The Voyage Home

  by David Krakowski

 After three months of hard work and wonderful experiences, it was finally time for the two of us to bid farewell to Palmer Station and its summertime inhabitants.  We had made some very close friends, particularly within our own research team, and saying good-bye was hard.  We were lucky enough to be scheduled to ride home on the M/S World Explorer.  During the summer months, tourist ships frequently happen by station as they take their passengers around the northern Antarctic to give them a small taste of the vast pristine environment.  When ship routes pass near Palmer Station, these ships will ask permission to visit the station.  A visit to working research station is considered a welcome treat , and in exchange for tours of station they bring us fresh vegetables and fruits.  This year however, the tourist ships were performing the extra service of transporting researchers and personnel to and from Palmer Station.  Earlier in the season, the M/V World Discoverer (Image 1stopped at station bringing a larger group of scientists.  The Explorer and Discoverer are sister ships, and are very similar in size and layout.  Both are very luxurious inside.  After an extended good-bye, we boarded the Explorer and left station for the last time. 
     The Explorer was scheduled to navigate it's way north off the coast of the Antarctic Peninsula, stopping in the South Shetland Islands.  The next day we arrived at Deception Island.  Deception Island is so named because of it's shape.  It is roughly circular, with a small opening at the southern end into a flooded central cavity.  It is essentially a donut with a small bite taken out of it.  Early explorers were "deceived" by the apparent impregnability of the interior of the island, hence the name.  This peculiar shape is testimony to the origin of the island.  Deception island is actually the top of a volcano which is mostly submerged below the surface of the ocean.  There have been eruptions in parts of the island in recent history, including a series of very destructive ones in the late 1960s and early 1970s.  As we approached the island, we aimed tonavigate the narrow opening into the flooded caldera.  This opening is known as Neptune's Bellows (Image 2), so named for the howling winds that careen through the mere 300 meters wide slice out of the island.  The ship landed at Telefon Bay (Image 3), a large ash beach near a crater left by a recent eruption.  The ship anchored off shore and zodiacs were lowered into the water to transport the tourists to shore.  Once ashore, we hiked along the fine volcanic ash inland and up the side of the crater.  At the top, we could peer tentatively into the immense crater (Image 4, 5, 6).  Eruptions have in the past destroyed research stations on Deception Island, and many were consequently abandoned. 
     Another area of interest we visited was Pendulum Cove.  There are thermal vents at this beach which bubble up very hot water through the volcanic sand. The hot water mixes with the icy ocean water, creating a bearable, if heterogeneous temperature mix which can actually be basked in.  Many brave tourists, including Yours Truly, tested out these waters in nothing more than a bathing suit (Image 7).  What a weird feeling it is to be laying out in the Antarctic!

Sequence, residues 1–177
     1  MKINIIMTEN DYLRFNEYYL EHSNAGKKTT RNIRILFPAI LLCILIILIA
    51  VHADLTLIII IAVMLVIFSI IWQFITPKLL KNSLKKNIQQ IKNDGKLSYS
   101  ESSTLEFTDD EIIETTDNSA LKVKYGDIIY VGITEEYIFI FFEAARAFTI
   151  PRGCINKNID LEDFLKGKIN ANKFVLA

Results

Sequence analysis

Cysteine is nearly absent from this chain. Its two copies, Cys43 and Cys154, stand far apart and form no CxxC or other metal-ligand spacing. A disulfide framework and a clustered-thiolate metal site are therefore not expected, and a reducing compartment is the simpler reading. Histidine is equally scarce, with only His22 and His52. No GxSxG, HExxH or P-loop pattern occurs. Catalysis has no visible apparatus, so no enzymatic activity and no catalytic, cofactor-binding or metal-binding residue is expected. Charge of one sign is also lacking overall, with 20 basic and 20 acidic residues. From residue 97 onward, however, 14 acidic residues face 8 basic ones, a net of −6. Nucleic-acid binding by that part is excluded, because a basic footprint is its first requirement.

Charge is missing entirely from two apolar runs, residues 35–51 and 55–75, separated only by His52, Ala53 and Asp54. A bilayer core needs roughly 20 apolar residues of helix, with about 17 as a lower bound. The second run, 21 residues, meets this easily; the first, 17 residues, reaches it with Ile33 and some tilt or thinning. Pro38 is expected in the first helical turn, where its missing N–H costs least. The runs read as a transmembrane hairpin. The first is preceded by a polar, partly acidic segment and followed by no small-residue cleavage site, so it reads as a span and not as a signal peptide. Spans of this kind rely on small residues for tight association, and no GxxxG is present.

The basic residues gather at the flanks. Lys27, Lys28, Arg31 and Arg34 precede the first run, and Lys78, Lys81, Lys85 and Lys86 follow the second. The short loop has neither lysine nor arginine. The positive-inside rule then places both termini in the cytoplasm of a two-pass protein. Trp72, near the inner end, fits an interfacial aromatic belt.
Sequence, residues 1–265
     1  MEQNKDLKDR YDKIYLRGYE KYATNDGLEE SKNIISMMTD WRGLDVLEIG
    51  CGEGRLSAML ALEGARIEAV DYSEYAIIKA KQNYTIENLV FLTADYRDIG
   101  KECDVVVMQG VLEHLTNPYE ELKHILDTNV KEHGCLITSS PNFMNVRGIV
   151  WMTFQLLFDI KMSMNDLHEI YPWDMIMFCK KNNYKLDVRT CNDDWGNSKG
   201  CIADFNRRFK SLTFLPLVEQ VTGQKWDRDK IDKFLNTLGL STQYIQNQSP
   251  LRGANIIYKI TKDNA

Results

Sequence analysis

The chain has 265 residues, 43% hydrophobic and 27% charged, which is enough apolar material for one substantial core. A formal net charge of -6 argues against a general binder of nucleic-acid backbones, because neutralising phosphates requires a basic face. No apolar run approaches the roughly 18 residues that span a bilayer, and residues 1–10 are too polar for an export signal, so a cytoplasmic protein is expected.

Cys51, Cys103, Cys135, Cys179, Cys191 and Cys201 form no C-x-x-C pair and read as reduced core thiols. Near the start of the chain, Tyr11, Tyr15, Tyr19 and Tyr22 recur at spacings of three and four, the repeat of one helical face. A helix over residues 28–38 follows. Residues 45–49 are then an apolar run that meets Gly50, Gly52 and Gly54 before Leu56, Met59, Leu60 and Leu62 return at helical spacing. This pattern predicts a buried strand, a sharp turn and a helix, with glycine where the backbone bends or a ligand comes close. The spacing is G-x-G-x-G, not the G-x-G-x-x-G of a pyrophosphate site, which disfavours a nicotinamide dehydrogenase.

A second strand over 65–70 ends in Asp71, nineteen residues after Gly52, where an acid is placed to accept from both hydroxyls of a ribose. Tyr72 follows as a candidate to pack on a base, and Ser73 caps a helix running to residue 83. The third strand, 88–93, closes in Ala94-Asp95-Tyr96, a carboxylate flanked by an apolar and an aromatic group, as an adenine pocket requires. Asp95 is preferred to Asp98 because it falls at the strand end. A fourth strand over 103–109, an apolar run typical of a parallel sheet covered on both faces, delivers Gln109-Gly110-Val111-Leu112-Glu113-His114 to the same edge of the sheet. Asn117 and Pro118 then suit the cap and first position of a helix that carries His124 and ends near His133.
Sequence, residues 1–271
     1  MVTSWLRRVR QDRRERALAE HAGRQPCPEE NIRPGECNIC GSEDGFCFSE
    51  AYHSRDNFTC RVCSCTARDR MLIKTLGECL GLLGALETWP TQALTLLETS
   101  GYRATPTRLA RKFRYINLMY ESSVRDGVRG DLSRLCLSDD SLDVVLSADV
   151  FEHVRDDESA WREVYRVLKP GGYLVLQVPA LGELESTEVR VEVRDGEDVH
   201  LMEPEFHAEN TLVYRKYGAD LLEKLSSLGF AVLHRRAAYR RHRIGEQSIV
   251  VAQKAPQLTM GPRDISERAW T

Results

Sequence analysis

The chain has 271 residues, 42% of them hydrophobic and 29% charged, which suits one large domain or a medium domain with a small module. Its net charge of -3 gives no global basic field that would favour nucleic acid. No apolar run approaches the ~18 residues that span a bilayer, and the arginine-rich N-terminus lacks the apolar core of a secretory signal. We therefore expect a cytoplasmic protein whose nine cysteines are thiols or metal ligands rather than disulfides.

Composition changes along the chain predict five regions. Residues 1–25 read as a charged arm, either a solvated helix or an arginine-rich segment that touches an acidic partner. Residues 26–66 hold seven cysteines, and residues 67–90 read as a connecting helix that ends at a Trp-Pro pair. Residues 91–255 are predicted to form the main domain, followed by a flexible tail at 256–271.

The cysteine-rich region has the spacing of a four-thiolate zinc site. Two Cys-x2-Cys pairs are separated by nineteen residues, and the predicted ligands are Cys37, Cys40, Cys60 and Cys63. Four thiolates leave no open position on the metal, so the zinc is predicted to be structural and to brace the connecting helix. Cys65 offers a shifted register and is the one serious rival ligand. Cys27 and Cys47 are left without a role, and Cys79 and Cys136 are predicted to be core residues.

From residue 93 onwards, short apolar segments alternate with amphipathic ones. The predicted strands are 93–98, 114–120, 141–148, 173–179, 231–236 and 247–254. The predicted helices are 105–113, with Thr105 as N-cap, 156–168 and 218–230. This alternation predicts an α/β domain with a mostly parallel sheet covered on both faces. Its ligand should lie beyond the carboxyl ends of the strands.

Our next stop was  Elephant Island.  This island was renowned among sealers for it's huge elephant seal populations, which were subsequently decimated for their blubber.  Sealing has long since been abandoned here, as it has been everywhere else in the Antarctic, and so many species of both seal and penguin find this island a safe haven to breed or bask.  We came ashore in our zodiacs to find a large colony of nesting chinstrap penguins (see Penguins/Seals entry) and gentoo penguins (Image 8).  The scenery was astounding.  Narrow channels were skirted on either side by thousand foot peaks (Image 9).  Huge glaciers spilled out between hillsides onto the flat beach. 
     Next we spent three days on and around an island that is reputed to be the "jewel" of the Antarctic, South Georgia (See "South Georgia" entry).  There we saw an abundance of wildlife and scenery that was unparalleled throughout our voyage home.
     Our final stops were at the Falkland Islands.  The Falkland Islands are a small group of islands east of southern Argentina, and were made famous by their central involvement in a war between Great Britain and Argentina in the early 1980's.  Sparsely inhabited, much of the land serves as grazing pasture for herds of sheep.  However, the islands are not without their unique wildlife.  There we saw nesting Penguins, and cormorants (Image 10), as well as numerous other species of Bird.  Most interesting of all were the rockhopper penguin colonies (Image 11).  Nestled at the edge of a cliff overlooking the ocean, these penguins coexist near king cormorants and raise their young in a fashion similar to gentoos (Image 12) and chinstraps.  They are quite noisy little penguins, and the colony was a continual cacophony and bantering of adults and chicks.  True to their name, these little birds are quite adept at negotiating the rocky terrain of their nesting site. 
     The Once in the Falkland Islands, we traveled to Port Stanley, the capital, a tiny town of 2,000 people, where we boarded a plane bound for Chile.  Our trip home from Station lasted eleven days, and afforded us sights and experiences that we never would have had the opportunity to enjoy.  Our voyage home was truly the icing on the cake that was our expedition to Antarctica!